Margaret Finnegan’s novel The Goddess Lounge turns Homer’s The Odyssey inside out. I know this not because I’ve read The Odyssey, but because I read its Wikipedia page. You don’t have to be familiar with Homer to laugh your way through Finnegan’s tale, but if you’re an Odyssey scholar (as is Finnegan), you’ll find her book spilling over with treasure.
Finnegan’s heroine Penne (“named for a noodle”) tells her story in a smart, yet harried voice. She’s an Altadena mom, a schoolteacher, and a housewife whose husband, Owen, has left her for an alluring younger woman. On top of that, Penne’s 13-year-old daughter is mean with a capital “M,” the 110 is backed up, the rain is relentless, and Penne’s movie star mother (who believes that “goddesses take our personal calls”) has tricked her into a consultation in the inner sanctum—aka the “mentrual tent”—at the Goddess Lounge.
Penne’s consultation doesn’t go well, yet it marks the beginning of her odyssey, and her search for Owen. She doesn’t really want him back, but she tells herself that Grace Claire needs her father. Penne routinely lies to herself this way, and she swears even more, yet we forgive her and even sympathize with her because, well, we’ve all lied to ourselves, haven’t we? Even used the “F” word. Or at least wanted to.
The word “odyssey” comes from the name of its hero, Odysseus, and means “trouble.” It has also come to mean an epic journey. Penne is joined on much of hers by Owen’s erstwhile boss, William. He needs to find Owen, too. Perhaps. Or maybe he needs to protect Penne from his insane ex-girlfriend, or maybe he just needs to be with Penne. In Penne’s case, if she continues to lie to herself about her feelings for William, she may never know.
Penne’s dishonesty is familiar. “Everything’s fine; my daughter’s not mean; I’m coping; the neighbors are not upset with me; I’m not falling in love with this man….” But she knows what she wants (to find Owen), even if she’s not sure what she needs (a personal transformation).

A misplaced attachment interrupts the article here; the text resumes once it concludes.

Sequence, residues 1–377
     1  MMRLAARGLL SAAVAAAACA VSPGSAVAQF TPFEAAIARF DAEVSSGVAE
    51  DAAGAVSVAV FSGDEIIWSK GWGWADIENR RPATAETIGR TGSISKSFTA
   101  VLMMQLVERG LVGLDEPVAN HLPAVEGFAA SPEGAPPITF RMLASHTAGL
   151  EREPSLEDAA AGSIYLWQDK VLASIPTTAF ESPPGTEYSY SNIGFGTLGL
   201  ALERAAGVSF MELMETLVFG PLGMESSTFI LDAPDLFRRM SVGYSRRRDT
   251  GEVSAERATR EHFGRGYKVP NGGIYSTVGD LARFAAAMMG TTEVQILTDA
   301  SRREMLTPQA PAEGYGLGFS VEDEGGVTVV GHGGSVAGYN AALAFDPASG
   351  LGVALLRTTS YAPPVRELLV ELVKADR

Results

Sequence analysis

When her daughter is accused of bullying another student at school, Penne plies her with hot chocolate and tells us, “While she takes a sip, I settle down next to her and give her a look of deep compassion. It’s not so hard. What you do is tilt your head and kind of swallow your lower lip while you crinkle your eyes. Grace Claire’s therapist calls this ‘cultivating a demeanor of active listening.'”
Penne’s voice drives the novel (funny, smart), and if you’re okay with the “F” word, you’ll be fine. Finnegan’s voice is here, too, with wisdom and delicious touches like Charlotte Perkins Gilman Middle School and the Dashed Sails nightclub in downtown Los Angeles.
How do goddesses figure into all of this? At first, Penne’s quite sure that they don’t. At her consultation, she’s told that Venus is her goddess, but she doesn’t buy it. As far as she knows, Venus is about sex, beauty, and love, and frankly, she’s the opposite—a housewife from the ‘burbs whose husband can’t bother to stick around. But as circumstances push Penne to her limit, she finally meets her inner Venus and discovers the superpowers her goddess has to offer.
“Enlightment can be reached through years of study or it can hit you like a pie in the face,” says Penne. When that pie comes flying her way, she’s ready.
Fans of The Odyssey will recognize Penelope’s suitors in Penne’s pack of ill-mannered but adoring rescue dogs. They’ll also find the Lotus Eaters, the Cyclops, and a Siren, adapted ingeniously to Penne’s inside-out odyssey. The Circe episode is especially rich, with pigs, food, rifles, and more food.
But you don’t need to be familiar with The Odyssey to enjoy Penne’s adventures, laugh at her snark, and applaud her victories. Penne’s journey is about the discovery of her inner Venus and the power she shares with all women. It’s about belief in the divine feminine, the myth and reality of that power, and the withholding or wielding of it to protect what is rightfully yours (even against other women if necessary). It is about the deep down mother in all women; the mother who feeds her family, fights for justice, protects her babies, and above all, stands up for herself.
Margaret Finnegan’s work has appeared in Salon, the L.A. Times, FamilyFun, and other publications. She lives with her husband, two children, and her dog, Scout, in South Pasadena. She is partial to all of them, but must admit that the dog gives her the least grief, for which she is grateful.
Hometown Author Petrea Burchard‘s new novel, Camelot & Vine, comes out this winter. Her blog, Pasadena Daily Photo, is featured on Hometown Pasadena’s “Best Blogs in San Gabriel Valley.” Petrea’s 30-year acting career began morphing into a writing career with “Act As If,” her humor column about the journeyman actor’s life, now in reruns at NowCasting.com. She gained a following in the animé world as the original English voice of Ryoko, a space pirate in the cult classic Tenchi Muyo!, and continues voice-over work as the voice of Stater Bros. markets.